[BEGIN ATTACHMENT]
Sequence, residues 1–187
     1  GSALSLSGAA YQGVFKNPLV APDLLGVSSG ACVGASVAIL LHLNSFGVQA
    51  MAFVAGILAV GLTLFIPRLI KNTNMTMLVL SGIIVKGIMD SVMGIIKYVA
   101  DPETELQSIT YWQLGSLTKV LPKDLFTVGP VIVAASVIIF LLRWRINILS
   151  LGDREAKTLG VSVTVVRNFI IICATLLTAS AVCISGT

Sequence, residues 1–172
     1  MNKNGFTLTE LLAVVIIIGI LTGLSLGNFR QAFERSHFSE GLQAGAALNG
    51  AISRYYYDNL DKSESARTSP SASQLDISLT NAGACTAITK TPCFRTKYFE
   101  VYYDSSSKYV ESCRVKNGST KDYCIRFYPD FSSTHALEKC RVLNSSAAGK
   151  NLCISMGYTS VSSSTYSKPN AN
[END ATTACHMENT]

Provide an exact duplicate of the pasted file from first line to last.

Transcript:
Sequence, residues 1–187
     1  GSALSLSGAA YQGVFKNPLV APDLLGVSSG ACVGASVAIL LHLNSFGVQA
    51  MAFVAGILAV GLTLFIPRLI KNTNMTMLVL SGIIVKGIMD SVMGIIKYVA
   101  DPETELQSIT YWQLGSLTKV LPKDLFTVGP VIVAASVIIF LLRWRINILS
   151  LGDREAKTLG VSVTVVRNFI IICATLLTAS AVCISGT

Sequence, residues 1–172
     1  MNKNGFTLTE LLAVVIIIGI LTGLSLGNFR QAFERSHFSE GLQAGAALNG
    51  AISRYYYDNL DKSESARTSP SASQLDISLT NAGACTAITK TPCFRTKYFE
   101  VYYDSSSKYV ESCRVKNGST KDYCIRFYPD FSSTHALEKC RVLNSSAAGK
   151  NLCISMGYTS VSSSTYSKPN AN